...@@ -13,6 +13,7 @@ Modular architecture of the library keeps the core tiny and efficient, and provi ...@@ -13,6 +13,7 @@ Modular architecture of the library keeps the core tiny and efficient, and provi
lib lib
daemon daemon
modules modules
modules_api
Indices and tables Indices and tables
......
.. include:: ../modules/README.rst
.. _modules-implemented: .. _modules-implemented:
Implemented modules *************************
=================== Knot DNS Resolver modules
*************************
.. contents:: .. contents::
:depth: 1 :depth: 1
...@@ -18,4 +17,4 @@ Implemented modules ...@@ -18,4 +17,4 @@ Implemented modules
.. include:: ../modules/kmemcached/README.rst .. include:: ../modules/kmemcached/README.rst
.. include:: ../modules/redis/README.rst .. include:: ../modules/redis/README.rst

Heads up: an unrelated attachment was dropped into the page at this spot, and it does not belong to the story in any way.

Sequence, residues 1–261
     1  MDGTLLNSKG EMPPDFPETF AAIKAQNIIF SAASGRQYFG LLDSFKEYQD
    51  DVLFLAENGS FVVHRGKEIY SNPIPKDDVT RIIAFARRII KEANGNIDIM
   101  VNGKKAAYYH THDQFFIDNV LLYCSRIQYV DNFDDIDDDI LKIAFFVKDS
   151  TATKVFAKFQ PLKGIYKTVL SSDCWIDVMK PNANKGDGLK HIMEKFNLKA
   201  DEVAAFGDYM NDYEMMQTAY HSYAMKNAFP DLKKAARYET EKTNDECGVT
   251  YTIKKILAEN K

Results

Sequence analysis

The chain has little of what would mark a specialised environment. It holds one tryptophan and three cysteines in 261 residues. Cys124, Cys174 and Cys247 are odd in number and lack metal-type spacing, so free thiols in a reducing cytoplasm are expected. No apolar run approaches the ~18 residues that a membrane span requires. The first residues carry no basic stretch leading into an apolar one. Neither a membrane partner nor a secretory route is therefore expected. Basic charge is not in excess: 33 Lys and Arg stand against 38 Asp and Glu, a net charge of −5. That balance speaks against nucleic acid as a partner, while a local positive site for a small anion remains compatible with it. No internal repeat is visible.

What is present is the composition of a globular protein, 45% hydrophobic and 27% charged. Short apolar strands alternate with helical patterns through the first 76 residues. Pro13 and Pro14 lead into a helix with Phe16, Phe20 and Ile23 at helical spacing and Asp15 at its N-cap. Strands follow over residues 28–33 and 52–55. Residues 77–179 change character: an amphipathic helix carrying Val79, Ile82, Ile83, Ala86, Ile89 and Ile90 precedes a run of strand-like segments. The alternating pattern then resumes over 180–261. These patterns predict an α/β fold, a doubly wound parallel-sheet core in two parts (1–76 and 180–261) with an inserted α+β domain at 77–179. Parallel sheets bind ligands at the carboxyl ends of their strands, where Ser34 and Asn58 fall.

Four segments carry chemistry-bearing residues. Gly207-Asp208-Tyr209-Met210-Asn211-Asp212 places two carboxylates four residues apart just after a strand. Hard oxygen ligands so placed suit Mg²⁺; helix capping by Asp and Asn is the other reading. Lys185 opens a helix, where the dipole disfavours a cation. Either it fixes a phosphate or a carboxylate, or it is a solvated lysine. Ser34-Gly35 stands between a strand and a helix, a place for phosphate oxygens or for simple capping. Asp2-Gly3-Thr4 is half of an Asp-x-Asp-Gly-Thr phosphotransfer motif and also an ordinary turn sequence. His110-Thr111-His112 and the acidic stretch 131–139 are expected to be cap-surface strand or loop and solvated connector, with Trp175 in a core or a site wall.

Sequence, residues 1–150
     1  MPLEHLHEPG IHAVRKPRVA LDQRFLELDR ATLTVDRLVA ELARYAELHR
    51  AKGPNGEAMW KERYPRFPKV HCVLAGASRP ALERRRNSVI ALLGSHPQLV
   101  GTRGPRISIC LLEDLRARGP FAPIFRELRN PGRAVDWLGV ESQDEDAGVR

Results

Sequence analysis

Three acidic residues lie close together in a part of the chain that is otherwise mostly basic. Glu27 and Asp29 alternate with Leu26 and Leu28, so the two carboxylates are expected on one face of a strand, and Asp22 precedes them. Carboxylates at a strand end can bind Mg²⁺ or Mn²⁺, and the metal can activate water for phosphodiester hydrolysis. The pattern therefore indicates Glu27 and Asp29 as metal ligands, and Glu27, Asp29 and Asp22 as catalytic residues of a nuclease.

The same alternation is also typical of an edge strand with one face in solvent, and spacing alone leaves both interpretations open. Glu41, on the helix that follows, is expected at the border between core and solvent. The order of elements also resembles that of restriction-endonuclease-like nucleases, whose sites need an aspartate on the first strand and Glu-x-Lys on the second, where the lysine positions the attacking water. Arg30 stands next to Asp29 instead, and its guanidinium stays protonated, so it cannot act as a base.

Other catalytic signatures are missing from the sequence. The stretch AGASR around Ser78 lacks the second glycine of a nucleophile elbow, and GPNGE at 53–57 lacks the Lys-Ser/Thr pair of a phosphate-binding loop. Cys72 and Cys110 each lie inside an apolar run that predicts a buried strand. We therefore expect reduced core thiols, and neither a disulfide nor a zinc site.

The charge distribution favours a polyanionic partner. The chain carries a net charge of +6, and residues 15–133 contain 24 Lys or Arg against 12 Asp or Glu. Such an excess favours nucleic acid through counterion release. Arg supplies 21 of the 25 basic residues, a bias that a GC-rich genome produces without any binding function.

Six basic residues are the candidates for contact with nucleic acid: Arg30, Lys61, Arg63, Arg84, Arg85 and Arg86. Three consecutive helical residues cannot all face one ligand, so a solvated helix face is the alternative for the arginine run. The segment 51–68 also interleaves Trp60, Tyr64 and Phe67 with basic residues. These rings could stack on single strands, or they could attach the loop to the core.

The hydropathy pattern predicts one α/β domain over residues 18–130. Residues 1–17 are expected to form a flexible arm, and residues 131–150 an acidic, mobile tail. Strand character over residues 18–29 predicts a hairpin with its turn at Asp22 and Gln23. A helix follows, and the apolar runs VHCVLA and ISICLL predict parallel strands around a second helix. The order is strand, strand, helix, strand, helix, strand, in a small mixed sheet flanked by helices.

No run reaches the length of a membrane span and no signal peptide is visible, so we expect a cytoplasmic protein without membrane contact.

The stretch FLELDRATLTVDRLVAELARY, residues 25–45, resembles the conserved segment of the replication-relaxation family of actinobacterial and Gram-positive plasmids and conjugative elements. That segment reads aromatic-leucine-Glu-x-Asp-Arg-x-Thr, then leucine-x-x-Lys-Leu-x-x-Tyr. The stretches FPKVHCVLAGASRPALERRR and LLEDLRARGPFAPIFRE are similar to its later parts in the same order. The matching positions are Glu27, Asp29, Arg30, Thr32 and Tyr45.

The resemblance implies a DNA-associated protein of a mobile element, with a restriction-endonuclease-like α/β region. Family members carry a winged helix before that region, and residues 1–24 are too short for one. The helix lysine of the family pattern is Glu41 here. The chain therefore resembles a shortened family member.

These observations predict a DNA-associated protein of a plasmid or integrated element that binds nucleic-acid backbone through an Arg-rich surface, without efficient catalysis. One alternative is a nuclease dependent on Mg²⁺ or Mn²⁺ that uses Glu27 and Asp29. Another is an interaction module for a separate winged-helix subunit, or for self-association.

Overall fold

.. include:: ../modules/ketcd/README.rst .. include:: ../modules/ketcd/README.rst
.. include:: ../modules/cachectl/README.rst .. include:: ../modules/cachectl/README.rst
\ No newline at end of file
.. include:: ../modules/README.rst
\ No newline at end of file
**************************** .. _modules-api:
Knot DNS Resolver extensions
****************************
Writing extensions *********************
================== Modules API reference
*********************
.. contents:: .. contents::
:depth: 2 :depth: 1
:local: :local:
Supported languages Supported languages
------------------- ===================
Currently modules written in C and Lua are supported. Currently modules written in C and Lua are supported.
There is also a rudimentary support for writing modules in Go |---| There is also a rudimentary support for writing modules in Go |---|